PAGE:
Review

Gladwell argues that many contemporary problems - from crime to teenage delinquency and traffic jams - behave like epidemics that are capable of sudden and dramatic changes in direction. Yet the right intervention at just the right time - the Tipping Point - can start a cascade of change and provide a method for developing strategies for everything from raising a child to running a company.

Inside This Book (Learn More)
Browse and search another edition of this book.
First Sentence
In the mid-1990s, the city of Baltimore was attacked by an epidemic of syphilis. Read the first page
Explore More
Concordance
Browse Sample Pages
Front Cover | Copyright | Table of Contents | Excerpt | Index | Back Cover
Search inside this book:

Sell a Digital Version of This Book in the Kindle Store

If you are a publisher or author and hold the digital rights to a book, you can sell a digital version of it in our Kindle Store. Learn more

What Other Items Do Customers Buy After Viewing This Item?


Customer Reviews

Most Helpful Customer Reviews
92 of 98 people found the following review helpful
3.0 out of 5 stars The Tipping Point 1 May 2008
By Spider Monkey HALL OF FAME TOP 500 REVIEWER
Format:Paperback|Verified Purchase
'The Tipping Point' is another entertaining, yet laboured book from Malcolm Gladwell. Like 'Blink' you get an interesting premise, explained very well at the beginning of the book, followed by 150 pages going over the same ground in greater depth. Once you've grasped the initial concept and had it proven with a few examples, you don't really need to go over it much more. Saying that, this book is an entertaining read and has some wonderful examples to illustrate the various points. I particularly enjoyed the chapter exploring the benefits, and tipping point of, sesame street and blues clues. Other chapters though, like the one on suicide and smoking, are pretty aimless and take a long time to make a very minor, insignificant point. This book is worth a read if you liked 'Blink' and it has some interesting ideas explored in it. If you like this I'd recommend 'Predictably irrational' which has similar experiments and is more coherent and focused. In fact, I'd probably recommend that book before this one. This is a good read, but not a great read.

Feel free to check out my blog which can be found on my profile page.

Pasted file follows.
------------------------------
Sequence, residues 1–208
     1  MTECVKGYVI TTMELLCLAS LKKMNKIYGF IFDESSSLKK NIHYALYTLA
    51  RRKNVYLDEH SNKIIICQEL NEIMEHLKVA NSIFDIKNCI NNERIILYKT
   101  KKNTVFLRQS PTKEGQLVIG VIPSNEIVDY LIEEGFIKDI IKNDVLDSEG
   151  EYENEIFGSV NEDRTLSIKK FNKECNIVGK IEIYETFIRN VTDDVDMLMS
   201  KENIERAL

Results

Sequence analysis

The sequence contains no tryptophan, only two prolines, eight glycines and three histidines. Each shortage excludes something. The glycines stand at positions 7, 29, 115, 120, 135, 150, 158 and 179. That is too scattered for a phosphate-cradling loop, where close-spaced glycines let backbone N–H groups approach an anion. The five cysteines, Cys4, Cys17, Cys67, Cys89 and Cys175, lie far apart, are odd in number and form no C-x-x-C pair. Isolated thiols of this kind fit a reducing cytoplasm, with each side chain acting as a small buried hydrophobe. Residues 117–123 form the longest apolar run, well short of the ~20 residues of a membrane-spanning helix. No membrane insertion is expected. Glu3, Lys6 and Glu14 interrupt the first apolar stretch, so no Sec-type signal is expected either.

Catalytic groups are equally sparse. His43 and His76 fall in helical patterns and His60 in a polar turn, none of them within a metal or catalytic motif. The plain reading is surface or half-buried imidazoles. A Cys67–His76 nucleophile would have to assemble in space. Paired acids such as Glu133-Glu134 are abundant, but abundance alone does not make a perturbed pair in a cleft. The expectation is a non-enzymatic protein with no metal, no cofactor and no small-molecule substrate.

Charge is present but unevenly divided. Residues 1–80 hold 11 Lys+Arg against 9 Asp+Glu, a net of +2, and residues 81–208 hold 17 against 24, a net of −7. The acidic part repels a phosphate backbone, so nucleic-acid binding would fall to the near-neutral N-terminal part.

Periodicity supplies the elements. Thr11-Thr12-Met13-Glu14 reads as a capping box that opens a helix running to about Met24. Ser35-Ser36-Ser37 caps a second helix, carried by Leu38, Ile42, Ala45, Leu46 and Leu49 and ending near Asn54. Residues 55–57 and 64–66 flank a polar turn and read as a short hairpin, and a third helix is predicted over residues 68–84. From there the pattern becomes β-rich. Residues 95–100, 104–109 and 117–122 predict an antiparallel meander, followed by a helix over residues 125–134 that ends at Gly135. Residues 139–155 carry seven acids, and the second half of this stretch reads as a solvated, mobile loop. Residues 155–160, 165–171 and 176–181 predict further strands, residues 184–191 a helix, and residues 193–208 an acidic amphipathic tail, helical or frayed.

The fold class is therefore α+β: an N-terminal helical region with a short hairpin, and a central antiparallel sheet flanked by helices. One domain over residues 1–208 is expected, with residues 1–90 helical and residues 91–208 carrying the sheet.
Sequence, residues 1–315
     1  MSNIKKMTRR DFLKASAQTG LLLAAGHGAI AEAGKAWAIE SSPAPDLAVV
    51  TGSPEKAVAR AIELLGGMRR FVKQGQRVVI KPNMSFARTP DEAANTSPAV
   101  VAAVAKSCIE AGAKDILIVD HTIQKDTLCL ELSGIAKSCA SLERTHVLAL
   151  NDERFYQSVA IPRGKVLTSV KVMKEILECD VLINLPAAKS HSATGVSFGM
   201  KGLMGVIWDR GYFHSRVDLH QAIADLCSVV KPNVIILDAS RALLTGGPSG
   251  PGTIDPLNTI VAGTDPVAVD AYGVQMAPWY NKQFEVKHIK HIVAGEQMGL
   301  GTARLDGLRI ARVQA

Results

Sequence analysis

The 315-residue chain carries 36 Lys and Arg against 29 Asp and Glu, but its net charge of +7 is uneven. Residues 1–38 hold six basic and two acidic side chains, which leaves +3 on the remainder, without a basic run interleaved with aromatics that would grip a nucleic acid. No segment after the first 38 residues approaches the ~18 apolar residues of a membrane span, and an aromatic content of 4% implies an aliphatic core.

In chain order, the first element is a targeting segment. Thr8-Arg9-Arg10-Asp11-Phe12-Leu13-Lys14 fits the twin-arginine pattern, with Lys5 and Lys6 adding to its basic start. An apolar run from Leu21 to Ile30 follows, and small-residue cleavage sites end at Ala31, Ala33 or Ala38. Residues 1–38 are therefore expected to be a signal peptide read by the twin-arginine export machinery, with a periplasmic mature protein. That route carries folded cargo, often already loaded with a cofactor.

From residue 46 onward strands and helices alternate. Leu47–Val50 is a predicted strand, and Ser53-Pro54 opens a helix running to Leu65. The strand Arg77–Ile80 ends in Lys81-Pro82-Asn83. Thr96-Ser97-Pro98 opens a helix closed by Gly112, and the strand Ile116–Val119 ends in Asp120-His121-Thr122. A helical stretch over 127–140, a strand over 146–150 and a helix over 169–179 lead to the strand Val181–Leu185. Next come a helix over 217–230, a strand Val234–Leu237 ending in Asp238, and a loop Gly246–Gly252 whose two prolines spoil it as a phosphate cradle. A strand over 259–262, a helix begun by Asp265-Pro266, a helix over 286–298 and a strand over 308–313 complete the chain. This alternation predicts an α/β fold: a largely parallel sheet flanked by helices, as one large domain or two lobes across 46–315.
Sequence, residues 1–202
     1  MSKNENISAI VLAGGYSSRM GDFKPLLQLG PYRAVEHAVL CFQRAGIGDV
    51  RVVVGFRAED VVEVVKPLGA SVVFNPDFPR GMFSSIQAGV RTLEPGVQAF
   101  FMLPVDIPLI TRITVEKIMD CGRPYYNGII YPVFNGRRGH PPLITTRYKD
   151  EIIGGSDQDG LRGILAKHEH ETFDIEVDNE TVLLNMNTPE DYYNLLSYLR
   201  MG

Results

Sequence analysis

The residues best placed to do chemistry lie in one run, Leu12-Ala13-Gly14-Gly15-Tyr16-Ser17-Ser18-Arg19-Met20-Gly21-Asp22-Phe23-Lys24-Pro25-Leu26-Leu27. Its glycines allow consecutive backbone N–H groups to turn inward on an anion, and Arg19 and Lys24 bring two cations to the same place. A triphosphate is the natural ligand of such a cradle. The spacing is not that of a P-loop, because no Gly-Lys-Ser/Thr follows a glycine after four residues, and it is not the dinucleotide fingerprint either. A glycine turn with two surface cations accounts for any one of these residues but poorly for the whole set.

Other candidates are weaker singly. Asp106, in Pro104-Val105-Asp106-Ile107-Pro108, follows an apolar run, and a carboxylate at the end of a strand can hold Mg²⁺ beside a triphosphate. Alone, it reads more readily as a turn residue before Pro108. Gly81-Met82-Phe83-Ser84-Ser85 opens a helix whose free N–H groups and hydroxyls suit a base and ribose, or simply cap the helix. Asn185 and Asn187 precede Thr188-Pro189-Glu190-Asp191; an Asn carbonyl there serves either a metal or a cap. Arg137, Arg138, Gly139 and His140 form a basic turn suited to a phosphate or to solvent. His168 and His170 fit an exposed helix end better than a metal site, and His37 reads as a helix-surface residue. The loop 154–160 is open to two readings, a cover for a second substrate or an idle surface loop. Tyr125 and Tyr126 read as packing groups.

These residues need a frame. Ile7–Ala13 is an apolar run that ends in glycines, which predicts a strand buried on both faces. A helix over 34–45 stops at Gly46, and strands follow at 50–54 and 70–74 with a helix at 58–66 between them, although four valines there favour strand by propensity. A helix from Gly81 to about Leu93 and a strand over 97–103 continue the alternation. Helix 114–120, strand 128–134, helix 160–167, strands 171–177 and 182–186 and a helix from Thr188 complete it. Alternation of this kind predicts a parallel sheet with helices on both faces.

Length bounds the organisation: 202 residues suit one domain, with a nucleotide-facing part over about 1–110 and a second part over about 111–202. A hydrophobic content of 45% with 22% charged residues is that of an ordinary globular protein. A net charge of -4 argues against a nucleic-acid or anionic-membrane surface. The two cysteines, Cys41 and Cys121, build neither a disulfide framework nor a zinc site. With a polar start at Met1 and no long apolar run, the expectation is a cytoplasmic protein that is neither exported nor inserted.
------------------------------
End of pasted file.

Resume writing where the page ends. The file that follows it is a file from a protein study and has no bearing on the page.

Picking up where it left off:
Comment | 
Was this review helpful to you?
83 of 89 people found the following review helpful
4.0 out of 5 stars The book that tipped 5 Feb 2006
By Niklas Kari VINE VOICE
Format:Paperback
In the Tipping Point Malcolm Gladwell provides an overview on the phenomenon of social epidemics, the underlying reasons that make things tip. The book is well researched with academic contributions entangled with interesting narrative that illustrates the theory. I would have rated the book five stars if not for two issues. Firstly, the book is almost totally lacks critique about the theories and examples presented. Secondly, while the book contains a lot of interesting ideas, the effort to synthesize them is half-hearted.
Mr. Gladwell has a made a great effort in going through a vast literature – mainly academic, but also popular – to find a number of key factors behind the social epidemics and some interesting narrative to illustrate them. However, the book is not at all academic, rather the value of Mr. Gladwell’s writing comes from packaging academic research to simple concepts and explaining these in length through examples. For those interested in details, there are some ten pages of endnotes that explain the concepts more thoroughly and provide references to the original literature.
So what makes things tip? According to Mr. Gladwell this can be divided into three explaining categories: (1) the law of the few, (2) the stickiness factor, and (3) the power of context. The law of the few states that only a very small part of people are behind the word-of-mouth epidemics and they can be categorized into connectors, mavens, and salesmen. Connectors are persons with exceptionally large personal networks, mavens are experts on the “right” market price and on spotting bargains, and salesmen are persons with extraordinary skill to persuade.
Read more ›
Comment | 
Was this review helpful to you?
34 of 37 people found the following review helpful
3.0 out of 5 stars Pleasant, but not very useful 18 Jan 2006
Format:Paperback
Gladwell clearly makes the case that big events can follow from tiny initial changes, that society has Tipping Points. He illustrates with a number of interesting examples.